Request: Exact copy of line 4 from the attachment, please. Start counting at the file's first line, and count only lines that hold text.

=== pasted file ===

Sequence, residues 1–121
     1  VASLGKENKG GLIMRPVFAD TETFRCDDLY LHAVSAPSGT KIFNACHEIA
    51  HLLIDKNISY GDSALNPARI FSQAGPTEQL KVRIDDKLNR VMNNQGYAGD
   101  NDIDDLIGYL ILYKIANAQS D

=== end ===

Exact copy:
   101  NDIDDLIGYL ILYKIANAQS D